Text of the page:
Eventually, they laid off a couple of people. I wasn’t laid off, but my mind was made up to leave. They later tried to make me stay by giving me an offer but it was too late.
Where’d you leave Konga for?
I first left for NQLB which was run by a former Konga employee. Before I applied, someone had referred me, and I didn’t even know.
I worked there for about a year, then I left. I didn’t have another job at the time, so I took time off for myself. I liked the job, but I didn’t like the direction of the work then. I didn’t feel like I was growing anymore.
Shortly after I left there, I joined Deimos. I spent nearly two years at Deimos. The work was great, they care about their people. It also got me a lot of useful experience. I got to explore other areas of software development that I might not have been exposed to until much later in my career. There, I got promoted to Senior Software Engineer. It was a lot more responsibility. It wasn’t perfect but Andrew was open to feedback. You could point out things you thought could be better. Eventually, I left because I was trying to find a new adventure in tech.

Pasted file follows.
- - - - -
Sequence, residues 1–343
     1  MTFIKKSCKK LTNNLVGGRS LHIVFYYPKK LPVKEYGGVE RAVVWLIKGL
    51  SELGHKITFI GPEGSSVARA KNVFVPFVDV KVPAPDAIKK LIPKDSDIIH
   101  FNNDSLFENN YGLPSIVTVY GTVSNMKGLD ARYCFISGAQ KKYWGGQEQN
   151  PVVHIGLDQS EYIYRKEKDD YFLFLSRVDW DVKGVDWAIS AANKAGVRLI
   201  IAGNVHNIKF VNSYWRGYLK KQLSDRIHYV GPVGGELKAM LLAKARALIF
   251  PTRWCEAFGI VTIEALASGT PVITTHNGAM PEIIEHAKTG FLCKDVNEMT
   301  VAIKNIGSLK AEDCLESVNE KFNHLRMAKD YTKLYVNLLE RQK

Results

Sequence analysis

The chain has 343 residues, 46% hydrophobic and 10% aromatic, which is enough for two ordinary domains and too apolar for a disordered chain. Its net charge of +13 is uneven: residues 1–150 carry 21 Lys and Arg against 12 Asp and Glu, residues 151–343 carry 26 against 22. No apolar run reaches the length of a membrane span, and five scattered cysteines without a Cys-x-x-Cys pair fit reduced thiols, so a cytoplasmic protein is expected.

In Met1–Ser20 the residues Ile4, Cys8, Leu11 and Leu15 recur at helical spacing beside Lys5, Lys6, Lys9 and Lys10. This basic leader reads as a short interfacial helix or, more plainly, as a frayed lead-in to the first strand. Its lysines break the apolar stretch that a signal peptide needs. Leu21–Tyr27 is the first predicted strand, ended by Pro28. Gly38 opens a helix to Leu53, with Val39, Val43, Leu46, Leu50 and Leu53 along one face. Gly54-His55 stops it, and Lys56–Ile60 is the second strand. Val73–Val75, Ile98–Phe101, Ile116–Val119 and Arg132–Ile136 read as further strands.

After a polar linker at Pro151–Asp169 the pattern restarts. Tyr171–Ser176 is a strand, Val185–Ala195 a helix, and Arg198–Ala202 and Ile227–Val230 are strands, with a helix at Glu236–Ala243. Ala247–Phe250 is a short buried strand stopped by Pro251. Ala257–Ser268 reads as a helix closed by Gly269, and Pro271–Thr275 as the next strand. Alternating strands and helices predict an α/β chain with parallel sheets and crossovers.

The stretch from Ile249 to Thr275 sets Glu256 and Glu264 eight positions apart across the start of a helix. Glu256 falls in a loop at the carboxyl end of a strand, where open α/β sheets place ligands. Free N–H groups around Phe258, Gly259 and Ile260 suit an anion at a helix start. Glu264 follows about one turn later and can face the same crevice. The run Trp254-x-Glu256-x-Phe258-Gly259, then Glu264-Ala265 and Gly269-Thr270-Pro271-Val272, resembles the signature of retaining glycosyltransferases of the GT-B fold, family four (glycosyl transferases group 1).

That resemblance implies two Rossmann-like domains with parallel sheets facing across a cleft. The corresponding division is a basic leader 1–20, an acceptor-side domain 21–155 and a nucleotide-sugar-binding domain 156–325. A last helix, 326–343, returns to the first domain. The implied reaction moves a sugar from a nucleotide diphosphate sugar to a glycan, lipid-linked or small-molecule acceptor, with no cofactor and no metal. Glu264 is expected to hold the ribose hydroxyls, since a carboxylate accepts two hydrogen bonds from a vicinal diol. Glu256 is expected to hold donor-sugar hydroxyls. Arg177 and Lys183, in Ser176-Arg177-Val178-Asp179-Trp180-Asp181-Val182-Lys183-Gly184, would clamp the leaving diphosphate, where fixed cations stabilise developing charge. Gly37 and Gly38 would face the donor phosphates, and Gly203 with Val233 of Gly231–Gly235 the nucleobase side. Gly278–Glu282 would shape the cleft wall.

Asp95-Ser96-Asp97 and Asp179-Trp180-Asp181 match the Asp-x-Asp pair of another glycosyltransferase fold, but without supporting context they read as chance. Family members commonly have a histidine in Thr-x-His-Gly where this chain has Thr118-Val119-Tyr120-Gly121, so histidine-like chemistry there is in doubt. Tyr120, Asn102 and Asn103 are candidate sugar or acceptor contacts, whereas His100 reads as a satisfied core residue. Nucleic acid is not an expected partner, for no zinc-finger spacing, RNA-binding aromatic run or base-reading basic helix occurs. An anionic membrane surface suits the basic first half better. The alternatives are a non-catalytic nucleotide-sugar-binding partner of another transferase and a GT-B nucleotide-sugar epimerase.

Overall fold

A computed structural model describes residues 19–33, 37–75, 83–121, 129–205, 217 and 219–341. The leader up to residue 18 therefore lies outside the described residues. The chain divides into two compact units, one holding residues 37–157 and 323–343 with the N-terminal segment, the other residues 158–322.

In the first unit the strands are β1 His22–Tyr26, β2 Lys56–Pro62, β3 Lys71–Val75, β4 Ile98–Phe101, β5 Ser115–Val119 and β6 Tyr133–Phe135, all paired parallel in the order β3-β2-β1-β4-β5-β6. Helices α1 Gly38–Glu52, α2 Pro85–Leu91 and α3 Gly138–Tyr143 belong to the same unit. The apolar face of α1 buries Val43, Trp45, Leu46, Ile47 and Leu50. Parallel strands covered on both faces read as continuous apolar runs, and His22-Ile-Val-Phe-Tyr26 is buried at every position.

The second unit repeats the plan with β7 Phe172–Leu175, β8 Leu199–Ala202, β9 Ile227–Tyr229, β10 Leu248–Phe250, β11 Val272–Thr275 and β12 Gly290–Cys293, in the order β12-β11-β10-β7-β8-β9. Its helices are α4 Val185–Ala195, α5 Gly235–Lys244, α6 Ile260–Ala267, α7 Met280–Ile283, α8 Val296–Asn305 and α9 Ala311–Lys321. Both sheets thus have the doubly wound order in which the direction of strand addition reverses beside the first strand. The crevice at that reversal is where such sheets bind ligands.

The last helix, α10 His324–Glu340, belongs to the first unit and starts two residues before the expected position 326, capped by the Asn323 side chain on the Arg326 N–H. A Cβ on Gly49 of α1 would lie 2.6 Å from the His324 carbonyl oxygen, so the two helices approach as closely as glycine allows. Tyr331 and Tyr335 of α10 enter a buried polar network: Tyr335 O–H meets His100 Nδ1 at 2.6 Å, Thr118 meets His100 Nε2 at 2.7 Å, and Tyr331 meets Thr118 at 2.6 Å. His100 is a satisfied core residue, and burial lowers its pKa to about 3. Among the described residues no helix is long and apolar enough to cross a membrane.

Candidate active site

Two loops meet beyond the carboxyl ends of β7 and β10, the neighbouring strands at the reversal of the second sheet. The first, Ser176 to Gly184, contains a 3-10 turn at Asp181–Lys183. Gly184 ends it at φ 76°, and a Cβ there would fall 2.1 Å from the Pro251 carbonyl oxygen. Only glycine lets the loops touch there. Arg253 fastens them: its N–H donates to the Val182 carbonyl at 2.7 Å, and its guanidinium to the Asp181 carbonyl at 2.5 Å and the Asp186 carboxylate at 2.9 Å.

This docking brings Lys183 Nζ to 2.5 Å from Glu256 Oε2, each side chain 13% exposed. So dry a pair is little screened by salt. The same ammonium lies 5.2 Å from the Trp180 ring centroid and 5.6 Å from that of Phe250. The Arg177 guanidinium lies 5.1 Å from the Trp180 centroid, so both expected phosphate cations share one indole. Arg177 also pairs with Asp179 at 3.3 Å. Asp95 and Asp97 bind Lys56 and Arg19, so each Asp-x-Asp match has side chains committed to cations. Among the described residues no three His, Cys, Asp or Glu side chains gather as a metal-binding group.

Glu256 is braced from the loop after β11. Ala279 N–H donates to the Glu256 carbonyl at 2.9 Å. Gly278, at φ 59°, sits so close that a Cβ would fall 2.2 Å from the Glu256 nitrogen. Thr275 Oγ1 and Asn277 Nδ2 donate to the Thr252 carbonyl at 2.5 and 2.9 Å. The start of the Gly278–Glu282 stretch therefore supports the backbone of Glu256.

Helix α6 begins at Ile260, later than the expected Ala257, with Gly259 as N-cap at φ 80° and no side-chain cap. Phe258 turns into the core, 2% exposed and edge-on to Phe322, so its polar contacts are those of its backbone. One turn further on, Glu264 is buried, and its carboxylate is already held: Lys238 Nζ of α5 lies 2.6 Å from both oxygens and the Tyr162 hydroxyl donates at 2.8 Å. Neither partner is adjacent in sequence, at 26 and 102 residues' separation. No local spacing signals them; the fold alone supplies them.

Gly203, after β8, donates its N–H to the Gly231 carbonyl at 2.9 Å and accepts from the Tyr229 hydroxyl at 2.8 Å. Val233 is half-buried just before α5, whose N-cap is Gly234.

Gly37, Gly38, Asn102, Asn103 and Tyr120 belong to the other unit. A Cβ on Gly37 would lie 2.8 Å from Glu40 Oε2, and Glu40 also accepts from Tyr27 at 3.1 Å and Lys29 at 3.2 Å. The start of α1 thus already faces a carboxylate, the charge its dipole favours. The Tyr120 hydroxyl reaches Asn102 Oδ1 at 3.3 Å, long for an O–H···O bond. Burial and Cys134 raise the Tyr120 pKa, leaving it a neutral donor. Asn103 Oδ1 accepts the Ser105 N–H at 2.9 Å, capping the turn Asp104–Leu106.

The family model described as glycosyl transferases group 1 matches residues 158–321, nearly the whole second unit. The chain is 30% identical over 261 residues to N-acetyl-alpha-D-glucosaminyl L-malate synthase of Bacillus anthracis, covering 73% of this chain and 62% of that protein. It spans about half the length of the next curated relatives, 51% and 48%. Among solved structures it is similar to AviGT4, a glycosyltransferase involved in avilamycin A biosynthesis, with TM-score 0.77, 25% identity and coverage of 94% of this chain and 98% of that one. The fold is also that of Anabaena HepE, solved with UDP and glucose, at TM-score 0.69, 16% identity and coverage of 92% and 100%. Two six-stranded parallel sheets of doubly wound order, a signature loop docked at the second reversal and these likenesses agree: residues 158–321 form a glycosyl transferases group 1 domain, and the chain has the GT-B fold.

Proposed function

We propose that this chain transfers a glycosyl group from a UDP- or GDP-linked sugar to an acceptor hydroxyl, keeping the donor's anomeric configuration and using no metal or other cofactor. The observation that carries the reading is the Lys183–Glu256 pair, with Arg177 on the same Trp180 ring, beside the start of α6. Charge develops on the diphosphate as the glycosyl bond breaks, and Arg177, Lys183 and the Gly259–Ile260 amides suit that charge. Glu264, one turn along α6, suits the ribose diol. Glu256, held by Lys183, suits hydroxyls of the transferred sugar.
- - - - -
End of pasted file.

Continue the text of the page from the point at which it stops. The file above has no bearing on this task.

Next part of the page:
When did you decide to build tools for Twitter and the public?
Most of the tools I have built came out of challenges I have faced. Back then, Twitter’s video playback was very annoying, it would buffer a lot before playing. So, it made sense for me to just download any video I wanted to watch instead of streaming it on Twitter.
The same thing happened with @RemindMe_OfThis I would want to be able to recall certain tweets at specific times.
How did it feel to have people adopt your tools in their thousands?
It felt really good. I enjoyed it, but it came with its own challenges. First off, a lot of people started to follow me on social media, which is not something I enjoy. Then it came with plagiarisers, and scammers.